HONG KONG • As Hong Kong's political crisis simmers amid heated protests, China's People's Liberation Army (PLA) in Hong Kong released a video showing footage of "anti-riot" exercises, and its top brass warned that violence is "absolutely impermissible".
The three-minute video posted on the Hong Kong garrison's official Weibo social media account late on Wednesday included footage of troops firing guns and rockets, and of light tanks, attack helicopters and missile launchers.
PLA troops have remained in their barracks since protests started in April, leaving Hong Kong's police force to deal with the massive and often violent protests in the Asian financial hub.
On Wednesday, 44 people were charged with rioting, the first time the authorities have resorted to using the charge.
In one sequence in the PLA video, titled "Anti-riot drill footage", ranks of troops advance with shields and truncheons on "pro-testers", firing rifles into the air.
Tear gas and water cannon rain down on protesters, as armoured personnel carriers with battering rams race forward, and troops lay barbed-wire coils on the ground. "All consequences are at your own risk," one soldier shouts in Cantonese, the main Chinese dialect in Hong Kong, during the video clip.
A red flag with the words "Warning. Stop charging or we use force" is also held aloft, similar to what Hong Kong police have long used during protests.
At the end of the clip, several protesters with their hands cuffed can be seen being taken away.
Hong Kong has been plunged into its biggest political crisis since the former British colony's return to Chinese rule in 1997. There have been waves of protests against a now-suspended extradition Bill which would see people sent to mainland China for trial in Communist Party-controlled courts.
PLA CONDEMNS HK PROTESTS
Recently, there has been a series of violent incidents happening in Hong Kong. This has damaged the prosperity and stability of the city, and challenged the rule of law and social order. The incidents have seriously threatened the life and safety of Hong Kong citizens, and violated the bottom line of 'one country, two systems'. This should not be tolerated, and we express our strong condemnation.
MAJOR-GENERAL CHEN DAOXIANG, the commander of the PLA's Hong Kong garrison.
The protests, which started in April, have now transformed into broader demands, including the resignation of Hong Kong's embattled leader Carrie Lam, and calls for a "free Hong Kong".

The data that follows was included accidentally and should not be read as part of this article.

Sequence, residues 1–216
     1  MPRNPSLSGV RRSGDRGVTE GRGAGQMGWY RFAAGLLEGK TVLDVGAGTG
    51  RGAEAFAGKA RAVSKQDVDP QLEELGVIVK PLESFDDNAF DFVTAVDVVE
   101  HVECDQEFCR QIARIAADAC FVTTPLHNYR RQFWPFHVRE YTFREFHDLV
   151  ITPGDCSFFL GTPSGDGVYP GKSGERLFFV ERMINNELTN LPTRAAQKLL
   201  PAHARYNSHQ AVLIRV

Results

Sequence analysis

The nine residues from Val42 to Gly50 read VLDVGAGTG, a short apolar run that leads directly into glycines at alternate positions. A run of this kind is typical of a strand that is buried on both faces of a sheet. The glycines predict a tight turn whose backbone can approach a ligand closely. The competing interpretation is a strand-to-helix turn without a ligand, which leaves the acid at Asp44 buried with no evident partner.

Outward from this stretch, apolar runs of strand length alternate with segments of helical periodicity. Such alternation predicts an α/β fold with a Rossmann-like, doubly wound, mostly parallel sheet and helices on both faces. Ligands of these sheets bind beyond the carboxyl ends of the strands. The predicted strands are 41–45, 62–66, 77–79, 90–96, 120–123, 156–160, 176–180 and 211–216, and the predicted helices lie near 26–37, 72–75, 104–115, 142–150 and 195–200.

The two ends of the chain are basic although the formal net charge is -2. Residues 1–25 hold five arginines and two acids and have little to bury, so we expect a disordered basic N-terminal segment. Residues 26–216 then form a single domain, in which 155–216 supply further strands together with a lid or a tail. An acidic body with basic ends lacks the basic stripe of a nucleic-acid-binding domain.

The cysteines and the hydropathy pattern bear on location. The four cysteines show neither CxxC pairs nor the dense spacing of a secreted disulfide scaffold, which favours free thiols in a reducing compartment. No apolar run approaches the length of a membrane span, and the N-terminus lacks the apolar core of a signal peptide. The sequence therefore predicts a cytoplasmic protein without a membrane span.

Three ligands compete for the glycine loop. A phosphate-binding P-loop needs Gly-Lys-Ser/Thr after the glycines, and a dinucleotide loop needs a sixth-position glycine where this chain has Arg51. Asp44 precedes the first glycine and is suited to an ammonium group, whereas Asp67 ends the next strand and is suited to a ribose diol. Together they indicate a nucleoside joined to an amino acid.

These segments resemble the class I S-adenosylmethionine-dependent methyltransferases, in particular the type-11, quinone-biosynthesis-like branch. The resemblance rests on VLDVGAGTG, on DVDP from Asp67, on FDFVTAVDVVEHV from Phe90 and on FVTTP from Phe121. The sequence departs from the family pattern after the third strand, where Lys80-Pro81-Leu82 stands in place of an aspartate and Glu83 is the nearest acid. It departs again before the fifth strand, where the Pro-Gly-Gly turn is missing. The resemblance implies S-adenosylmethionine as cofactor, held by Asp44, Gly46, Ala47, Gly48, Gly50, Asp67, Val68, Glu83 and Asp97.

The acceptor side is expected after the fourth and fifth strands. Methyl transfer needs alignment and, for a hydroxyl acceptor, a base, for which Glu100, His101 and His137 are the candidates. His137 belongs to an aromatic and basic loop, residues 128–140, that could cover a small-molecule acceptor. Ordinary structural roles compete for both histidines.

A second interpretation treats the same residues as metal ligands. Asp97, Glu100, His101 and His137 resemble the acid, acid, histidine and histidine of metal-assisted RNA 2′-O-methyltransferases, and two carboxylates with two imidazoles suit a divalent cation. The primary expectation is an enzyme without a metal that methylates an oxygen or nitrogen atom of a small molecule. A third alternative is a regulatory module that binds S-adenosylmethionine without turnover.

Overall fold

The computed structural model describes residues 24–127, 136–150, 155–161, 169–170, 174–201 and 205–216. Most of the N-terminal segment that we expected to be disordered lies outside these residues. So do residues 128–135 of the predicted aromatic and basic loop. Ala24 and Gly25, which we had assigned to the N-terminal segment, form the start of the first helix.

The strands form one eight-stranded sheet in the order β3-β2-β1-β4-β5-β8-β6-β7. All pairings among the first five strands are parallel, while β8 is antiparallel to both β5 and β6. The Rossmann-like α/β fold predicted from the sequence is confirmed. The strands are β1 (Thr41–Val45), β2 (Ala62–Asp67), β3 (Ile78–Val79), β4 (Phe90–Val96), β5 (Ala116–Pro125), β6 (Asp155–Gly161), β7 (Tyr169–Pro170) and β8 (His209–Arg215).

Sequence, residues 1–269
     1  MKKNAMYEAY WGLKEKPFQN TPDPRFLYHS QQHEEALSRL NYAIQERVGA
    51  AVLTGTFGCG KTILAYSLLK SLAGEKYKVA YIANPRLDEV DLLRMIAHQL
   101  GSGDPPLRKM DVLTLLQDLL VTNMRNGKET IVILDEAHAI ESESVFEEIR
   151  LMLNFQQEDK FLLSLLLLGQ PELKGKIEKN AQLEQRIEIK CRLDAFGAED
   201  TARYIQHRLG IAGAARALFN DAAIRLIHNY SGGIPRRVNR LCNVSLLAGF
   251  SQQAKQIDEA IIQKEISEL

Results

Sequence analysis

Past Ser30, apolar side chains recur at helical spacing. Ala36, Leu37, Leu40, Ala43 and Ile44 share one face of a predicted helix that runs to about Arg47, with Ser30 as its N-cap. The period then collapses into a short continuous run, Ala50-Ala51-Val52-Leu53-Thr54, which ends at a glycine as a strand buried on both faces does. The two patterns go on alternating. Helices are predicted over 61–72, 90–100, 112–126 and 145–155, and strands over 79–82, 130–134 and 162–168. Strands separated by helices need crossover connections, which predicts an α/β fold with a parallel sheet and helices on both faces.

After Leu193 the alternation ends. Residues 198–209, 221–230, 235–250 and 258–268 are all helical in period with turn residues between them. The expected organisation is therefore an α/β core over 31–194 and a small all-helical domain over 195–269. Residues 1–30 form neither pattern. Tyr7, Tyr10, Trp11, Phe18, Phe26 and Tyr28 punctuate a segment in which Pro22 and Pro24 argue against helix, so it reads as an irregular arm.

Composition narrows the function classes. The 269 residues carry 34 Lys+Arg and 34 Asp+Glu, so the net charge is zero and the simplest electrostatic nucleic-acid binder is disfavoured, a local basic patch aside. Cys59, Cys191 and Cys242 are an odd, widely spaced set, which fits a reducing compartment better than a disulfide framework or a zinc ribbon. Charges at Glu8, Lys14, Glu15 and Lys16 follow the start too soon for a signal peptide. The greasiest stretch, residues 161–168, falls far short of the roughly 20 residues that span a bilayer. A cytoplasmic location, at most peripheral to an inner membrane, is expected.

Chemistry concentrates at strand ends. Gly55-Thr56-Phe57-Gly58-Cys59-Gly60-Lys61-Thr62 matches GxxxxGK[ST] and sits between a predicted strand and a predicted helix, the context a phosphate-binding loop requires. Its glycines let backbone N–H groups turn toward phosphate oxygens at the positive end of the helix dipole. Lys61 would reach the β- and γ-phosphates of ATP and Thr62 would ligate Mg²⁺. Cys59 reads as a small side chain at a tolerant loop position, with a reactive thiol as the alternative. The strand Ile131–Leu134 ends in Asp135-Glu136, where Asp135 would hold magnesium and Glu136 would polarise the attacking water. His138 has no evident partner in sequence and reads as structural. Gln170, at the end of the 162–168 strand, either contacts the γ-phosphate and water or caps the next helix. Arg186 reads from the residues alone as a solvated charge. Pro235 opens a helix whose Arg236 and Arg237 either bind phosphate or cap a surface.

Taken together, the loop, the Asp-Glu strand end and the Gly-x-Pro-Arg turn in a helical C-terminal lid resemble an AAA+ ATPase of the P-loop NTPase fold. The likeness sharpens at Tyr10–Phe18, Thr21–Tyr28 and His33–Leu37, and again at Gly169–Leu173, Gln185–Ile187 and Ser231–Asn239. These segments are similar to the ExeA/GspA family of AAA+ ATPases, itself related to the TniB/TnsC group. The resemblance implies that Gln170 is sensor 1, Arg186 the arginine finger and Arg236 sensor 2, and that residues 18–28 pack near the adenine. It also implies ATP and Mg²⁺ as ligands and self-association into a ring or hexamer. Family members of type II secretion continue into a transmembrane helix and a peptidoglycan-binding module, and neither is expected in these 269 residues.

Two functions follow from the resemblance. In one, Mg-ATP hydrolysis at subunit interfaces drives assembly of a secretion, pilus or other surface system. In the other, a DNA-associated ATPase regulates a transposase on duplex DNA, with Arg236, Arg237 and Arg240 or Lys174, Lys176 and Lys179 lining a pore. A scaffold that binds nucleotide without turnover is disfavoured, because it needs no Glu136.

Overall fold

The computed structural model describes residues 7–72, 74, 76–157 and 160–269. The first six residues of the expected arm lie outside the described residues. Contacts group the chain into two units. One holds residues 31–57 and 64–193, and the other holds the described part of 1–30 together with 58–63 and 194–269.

As tensions continue to rise in Hong Kong as clashes between protesters and police grow violent, the Chinese authorities have strongly condemned the violence and issued reminders that the Hong Kong authorities can request the assistance of the PLA Hong Kong garrison if necessary.
PLA spokesman Wu Qian referenced the Garrison Law at a briefing last week, noting that Article 14 has "clear stipulations". Should Beijing approve, the garrison would send troops to carry out the specified tasks.
Diplomats and foreign security analysts are watching the situation closely, but believe there is little appetite in Beijing for the PLA to be deployed on the streets of Hong Kong.
The role of the PLA in Hong Kong has long been one of the most sensitive elements of the city's handover to China.
"We believe that the Hong Kong garrison of the People's Liberation Army will continue to become a stabilising pillar for Hong Kong's long-term prosperity and stability," Chinese Foreign Ministry spokes-man Hua Chunying said at a briefing in Beijing when asked about the video.
Amid growing speculation that troops could be unleashed to quell violence, police chiefs have insisted that their forces are capable of maintaining order.
Hong Kong returned to Chinese rule with a guarantee of its freedoms, including the right to protest and an independent judiciary not enjoyed on the mainland, for at least 50 years.
Under its mini-Constitution, the Basic Law, defence and foreign affairs are managed by Communist Party leaders in Beijing.
PLA's Hong Kong garrison commander Chen Daoxiang said on Wednesday that the violent protests in the territory are "absolutely impermissible", according to the state-run China Daily newspaper.
Speaking at a reception to mark the 92nd anniversary of the PLA, Major-General Chen said the protests were "putting the bottom line of the 'one country, two systems' principle to the test".
He added that the PLA would "resolutely safeguard" the country's sovereignty and security, as well as Hong Kong's stability.